Good Evidence Supporting the Use of Opioids for Treating Cancer Pain

April 28, 2011

Systematic literature review confirms that a range of opioid formulations and delivery methods provide safe and effective treatment options for cancer pain.

Systematic literature review confirms that a range of opioid formulations and delivery methods are safe and effective treatment option for cancer pain.

Studies show that at least one-third of patients diagnosed with cancer report pain associated with their disease. This figure increases to as high as 90% in patients with advanced illness. In addition to pain caused by the malignancy itself, many patients also report pain stemming from a range of cancer treatments.

Although there are currently many effective treatments available for cancer pain (with opioids being the “gold standard” for treating moderate to severe cancer pain), the authors of “A Systematic Review of Observational Studies on the Effectiveness of Opioid Therapy for Cancer Pain,” published in the March 2011 issue of Pain Physician, note that “inadequate treatment of chronic cancer pain persists despite decades of efforts to provide clinicians with information about analgesics and pain-relieving techniques.”

They attribute this situation to a variety of patient-related (eg, “underreporting, fear of disease progression, poor compliance with prescribed medications) and physician-related factors (eg, “legal issues with misuse, abuse, overuse of prescription medications, difficulty assessing pain complaints, lack of information, or lack of expertise).

Whereas the approach to treatment of chronic non-cancer pain suffers from a relative lack of relevant effectiveness data, especially where the use of opioids is concerned (leading to the present state of affairs of opioid overuse accompanied by widespread abuse, misuse, and diversion), the picture is different for treating cancer pain. The effectiveness of opioid medications in the treatment of cancer pain “has been evaluated in multiple randomized trials and systematic reviews” (although the authors of this article do cite a lack of larger trials with longer follow-up periods). If anything, cancer pain is undertreated, and is not characterized by the same problems with opioid abuse.

However, the authors caution that “the future of evidence-based medicine for cancer pain management continues to be poorly addressed, despite the effectiveness of opioids in managing chronic cancer pain rather effectively.” To address these shortcomings, it is “essential to conduct randomized and non-randomized trials to establish the efficacy of opioids in managing chronic cancer pain, which will also provide data on the dose responses and treatment of breakthrough pain.”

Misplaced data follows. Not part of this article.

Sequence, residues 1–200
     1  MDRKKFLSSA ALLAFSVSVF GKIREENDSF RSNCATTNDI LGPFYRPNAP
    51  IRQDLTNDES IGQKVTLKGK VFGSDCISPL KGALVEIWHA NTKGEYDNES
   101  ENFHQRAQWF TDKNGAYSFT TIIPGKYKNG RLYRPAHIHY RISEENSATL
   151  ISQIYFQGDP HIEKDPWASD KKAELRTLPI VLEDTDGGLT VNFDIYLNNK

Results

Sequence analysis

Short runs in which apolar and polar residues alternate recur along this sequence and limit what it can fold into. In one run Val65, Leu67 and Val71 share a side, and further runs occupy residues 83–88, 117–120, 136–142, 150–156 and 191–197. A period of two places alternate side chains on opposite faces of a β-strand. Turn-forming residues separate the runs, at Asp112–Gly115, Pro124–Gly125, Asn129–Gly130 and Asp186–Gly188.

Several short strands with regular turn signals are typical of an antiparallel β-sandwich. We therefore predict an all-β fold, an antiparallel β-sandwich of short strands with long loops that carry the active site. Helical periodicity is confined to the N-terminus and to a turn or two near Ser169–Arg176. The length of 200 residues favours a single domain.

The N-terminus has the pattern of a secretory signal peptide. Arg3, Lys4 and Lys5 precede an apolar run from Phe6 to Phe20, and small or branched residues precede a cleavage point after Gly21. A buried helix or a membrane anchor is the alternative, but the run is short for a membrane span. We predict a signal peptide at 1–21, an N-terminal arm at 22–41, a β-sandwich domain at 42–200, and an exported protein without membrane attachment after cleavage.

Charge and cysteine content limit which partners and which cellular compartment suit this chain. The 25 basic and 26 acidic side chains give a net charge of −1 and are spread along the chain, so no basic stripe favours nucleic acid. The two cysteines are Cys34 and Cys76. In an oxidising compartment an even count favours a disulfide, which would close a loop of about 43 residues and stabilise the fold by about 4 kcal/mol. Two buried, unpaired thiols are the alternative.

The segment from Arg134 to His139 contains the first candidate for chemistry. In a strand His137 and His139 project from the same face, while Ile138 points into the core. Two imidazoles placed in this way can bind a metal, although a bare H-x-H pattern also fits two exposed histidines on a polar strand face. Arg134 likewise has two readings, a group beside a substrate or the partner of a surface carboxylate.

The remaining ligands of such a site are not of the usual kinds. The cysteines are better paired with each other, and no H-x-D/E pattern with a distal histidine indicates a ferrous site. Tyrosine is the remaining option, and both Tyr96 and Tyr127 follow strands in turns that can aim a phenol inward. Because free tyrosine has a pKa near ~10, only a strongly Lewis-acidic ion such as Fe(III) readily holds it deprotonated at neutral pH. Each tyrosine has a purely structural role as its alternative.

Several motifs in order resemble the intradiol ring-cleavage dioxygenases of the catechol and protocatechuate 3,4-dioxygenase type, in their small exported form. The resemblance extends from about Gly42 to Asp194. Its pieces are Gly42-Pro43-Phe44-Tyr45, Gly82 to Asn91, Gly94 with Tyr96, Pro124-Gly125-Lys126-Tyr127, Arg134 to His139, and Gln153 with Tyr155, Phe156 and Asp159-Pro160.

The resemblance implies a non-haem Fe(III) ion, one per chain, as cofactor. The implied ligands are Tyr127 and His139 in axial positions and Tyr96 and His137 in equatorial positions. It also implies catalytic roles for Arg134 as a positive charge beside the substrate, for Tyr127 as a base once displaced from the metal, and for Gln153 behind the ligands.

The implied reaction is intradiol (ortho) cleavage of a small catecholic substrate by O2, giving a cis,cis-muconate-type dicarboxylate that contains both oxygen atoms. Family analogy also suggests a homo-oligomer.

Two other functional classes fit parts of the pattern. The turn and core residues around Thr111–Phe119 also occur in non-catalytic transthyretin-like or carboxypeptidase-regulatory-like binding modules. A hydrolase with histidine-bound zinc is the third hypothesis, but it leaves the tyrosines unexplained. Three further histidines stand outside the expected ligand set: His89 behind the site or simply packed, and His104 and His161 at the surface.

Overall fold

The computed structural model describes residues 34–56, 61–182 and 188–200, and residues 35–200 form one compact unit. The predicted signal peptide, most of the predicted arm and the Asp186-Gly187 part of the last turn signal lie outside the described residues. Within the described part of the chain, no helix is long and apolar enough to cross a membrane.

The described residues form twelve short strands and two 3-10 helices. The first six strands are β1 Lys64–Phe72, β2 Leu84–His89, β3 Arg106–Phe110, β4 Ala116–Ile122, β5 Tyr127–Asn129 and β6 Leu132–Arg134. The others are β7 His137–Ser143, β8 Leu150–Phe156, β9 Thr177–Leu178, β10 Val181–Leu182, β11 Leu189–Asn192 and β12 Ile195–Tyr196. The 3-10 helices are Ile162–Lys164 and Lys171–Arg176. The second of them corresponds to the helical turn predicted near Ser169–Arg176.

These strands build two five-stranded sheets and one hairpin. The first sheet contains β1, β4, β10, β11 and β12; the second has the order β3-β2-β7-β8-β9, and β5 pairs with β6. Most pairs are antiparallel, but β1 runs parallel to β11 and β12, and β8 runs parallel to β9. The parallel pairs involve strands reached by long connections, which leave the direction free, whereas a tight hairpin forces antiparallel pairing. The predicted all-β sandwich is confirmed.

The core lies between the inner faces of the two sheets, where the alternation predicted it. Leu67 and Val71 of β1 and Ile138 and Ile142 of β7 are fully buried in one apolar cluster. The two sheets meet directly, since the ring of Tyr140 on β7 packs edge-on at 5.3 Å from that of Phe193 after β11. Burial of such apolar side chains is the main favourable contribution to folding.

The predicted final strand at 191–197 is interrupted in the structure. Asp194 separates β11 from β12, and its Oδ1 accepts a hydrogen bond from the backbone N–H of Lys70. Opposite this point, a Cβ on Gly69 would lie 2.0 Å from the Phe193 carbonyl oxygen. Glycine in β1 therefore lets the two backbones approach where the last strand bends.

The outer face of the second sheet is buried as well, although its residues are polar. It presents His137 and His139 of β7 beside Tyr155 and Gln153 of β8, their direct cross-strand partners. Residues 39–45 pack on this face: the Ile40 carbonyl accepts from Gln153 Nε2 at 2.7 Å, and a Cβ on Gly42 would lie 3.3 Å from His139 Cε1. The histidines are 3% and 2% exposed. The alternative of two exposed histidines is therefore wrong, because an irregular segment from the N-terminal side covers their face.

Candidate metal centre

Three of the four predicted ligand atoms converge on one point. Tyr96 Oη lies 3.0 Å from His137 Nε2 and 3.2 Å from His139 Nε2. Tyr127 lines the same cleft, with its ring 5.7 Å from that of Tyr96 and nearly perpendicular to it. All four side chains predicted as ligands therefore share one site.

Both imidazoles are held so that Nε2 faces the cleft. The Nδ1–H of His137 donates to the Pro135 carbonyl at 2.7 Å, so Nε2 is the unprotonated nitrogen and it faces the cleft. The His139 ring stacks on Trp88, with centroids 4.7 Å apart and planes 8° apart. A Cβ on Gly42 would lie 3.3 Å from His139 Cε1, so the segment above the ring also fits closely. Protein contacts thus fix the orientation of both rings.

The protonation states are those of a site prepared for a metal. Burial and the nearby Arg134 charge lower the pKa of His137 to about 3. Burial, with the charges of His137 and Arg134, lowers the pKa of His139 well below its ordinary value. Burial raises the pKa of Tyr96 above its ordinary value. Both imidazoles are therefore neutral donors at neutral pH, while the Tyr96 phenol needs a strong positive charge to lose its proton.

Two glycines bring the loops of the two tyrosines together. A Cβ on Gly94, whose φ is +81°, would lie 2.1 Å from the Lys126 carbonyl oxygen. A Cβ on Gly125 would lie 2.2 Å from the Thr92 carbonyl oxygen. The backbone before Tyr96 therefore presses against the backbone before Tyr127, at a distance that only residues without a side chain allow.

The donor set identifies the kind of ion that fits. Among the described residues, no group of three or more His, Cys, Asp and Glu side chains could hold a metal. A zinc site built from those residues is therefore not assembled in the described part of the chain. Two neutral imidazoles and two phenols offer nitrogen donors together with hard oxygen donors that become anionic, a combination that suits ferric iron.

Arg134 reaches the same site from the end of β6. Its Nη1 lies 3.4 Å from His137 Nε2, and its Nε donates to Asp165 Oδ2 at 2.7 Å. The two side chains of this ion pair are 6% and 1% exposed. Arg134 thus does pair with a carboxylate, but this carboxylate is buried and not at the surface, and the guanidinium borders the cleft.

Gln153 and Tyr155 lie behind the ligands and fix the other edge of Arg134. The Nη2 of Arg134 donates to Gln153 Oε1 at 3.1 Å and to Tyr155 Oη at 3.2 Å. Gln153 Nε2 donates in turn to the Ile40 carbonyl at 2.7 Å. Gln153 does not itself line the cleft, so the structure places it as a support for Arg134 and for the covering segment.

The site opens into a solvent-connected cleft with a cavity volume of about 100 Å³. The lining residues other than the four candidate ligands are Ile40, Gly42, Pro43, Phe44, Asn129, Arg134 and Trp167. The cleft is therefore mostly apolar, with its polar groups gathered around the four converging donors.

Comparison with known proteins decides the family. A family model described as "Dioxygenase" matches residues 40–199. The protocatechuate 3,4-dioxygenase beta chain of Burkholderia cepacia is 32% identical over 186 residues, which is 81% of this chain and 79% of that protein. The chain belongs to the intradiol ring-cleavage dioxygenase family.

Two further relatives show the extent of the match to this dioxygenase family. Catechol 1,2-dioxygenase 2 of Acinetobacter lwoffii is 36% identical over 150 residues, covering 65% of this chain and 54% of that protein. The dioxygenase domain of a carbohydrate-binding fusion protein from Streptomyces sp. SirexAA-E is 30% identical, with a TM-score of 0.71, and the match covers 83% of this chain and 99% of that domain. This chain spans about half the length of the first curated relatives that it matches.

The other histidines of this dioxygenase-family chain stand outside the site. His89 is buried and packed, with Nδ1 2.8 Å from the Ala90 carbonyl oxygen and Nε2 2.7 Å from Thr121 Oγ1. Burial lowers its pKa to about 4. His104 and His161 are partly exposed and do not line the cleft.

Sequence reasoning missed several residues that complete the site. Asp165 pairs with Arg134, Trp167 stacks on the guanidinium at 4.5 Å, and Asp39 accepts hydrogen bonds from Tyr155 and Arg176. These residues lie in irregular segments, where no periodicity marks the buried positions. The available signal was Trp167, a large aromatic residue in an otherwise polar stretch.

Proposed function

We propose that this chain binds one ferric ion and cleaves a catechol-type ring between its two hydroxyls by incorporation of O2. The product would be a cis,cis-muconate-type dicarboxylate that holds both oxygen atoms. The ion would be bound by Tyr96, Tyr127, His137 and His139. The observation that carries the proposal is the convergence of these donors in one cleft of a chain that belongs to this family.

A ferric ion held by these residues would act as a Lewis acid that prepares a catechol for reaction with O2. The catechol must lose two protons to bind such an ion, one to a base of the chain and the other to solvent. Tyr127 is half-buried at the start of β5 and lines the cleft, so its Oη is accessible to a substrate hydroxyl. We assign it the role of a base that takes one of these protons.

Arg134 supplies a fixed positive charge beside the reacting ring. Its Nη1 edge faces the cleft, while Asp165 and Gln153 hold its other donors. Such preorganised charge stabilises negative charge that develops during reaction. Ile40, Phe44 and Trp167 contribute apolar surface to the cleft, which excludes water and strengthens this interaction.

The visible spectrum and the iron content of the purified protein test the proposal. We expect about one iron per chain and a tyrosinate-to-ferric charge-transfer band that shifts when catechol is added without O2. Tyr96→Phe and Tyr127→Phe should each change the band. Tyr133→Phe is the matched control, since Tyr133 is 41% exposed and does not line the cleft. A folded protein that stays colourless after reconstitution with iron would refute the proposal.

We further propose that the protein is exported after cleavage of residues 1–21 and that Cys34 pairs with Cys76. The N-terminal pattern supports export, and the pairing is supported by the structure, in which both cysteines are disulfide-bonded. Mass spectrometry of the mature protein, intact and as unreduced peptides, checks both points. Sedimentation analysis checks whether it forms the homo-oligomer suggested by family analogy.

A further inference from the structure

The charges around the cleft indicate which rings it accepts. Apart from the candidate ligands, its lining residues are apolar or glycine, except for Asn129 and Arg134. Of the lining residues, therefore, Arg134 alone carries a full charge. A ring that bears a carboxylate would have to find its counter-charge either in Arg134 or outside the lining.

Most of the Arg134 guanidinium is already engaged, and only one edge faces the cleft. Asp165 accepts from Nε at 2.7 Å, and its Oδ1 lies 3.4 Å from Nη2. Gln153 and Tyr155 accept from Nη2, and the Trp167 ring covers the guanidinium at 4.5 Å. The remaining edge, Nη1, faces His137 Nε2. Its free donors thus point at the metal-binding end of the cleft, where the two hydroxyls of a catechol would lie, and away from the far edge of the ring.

Accordingly, to “provide an updated assessment of the current literature for evidence-based criteria for the overall effectiveness of opioid therapy in managing cancer pain,” and identify several potential shortcomings to be addressed in future trials, the authors conducted a comprehensive systemic search of the literature published between 1996 and 2010 for observational clinical trials involving adults patients “being treated for cancer-related pain of any duration with any opioid, administered by any route with or without concomitant ancillary medications.” Eligible trials included at least a three-month follow-up period, with primary outcome measures of efficacy of pain relief and overall safety.

The authors assessed each study using the Agency for Healthcare Review and Quality (AHRQ) criteria for observational studies and the weighted scoring criteria developed by the American Society of Interventional Pain Physicians (ASIPP) guidelines committee. They analyzed the studies using the five levels of evidence developed by the United States Preventive Services Task Force (USPSTF). A total of seven studies with at least 50 participants and three months or more of follow-up met the inclusion criteria for methodologic quality assessment. Based on their AHRQ scores, three of the studies were rated as being of “moderate quality,” with the other four rated as being of “high quality.”

Analysis of the data from studies included in this report indicates that the use of transdermal opioid delivery systems primarily (especially fentanyl, and buprenorphine) “shows promise” for treating cancer pain. The authors note that several studies that did not meet their inclusion criteria nonetheless have shown that transdermal fentanyl is an effective and safe treatment option for cancer pain. Likewise, this review confirmed that sustained-release opioid formulations (the “mainstay for analgesic maintenance in cancer pain management”) are also safe and effective for treating cancer pain. The data also show that treatment for breakthrough cancer pain using “oral preparation of fentanyl formulated to maximize rapid onset with short duration of effect” is effective and well-tolerated.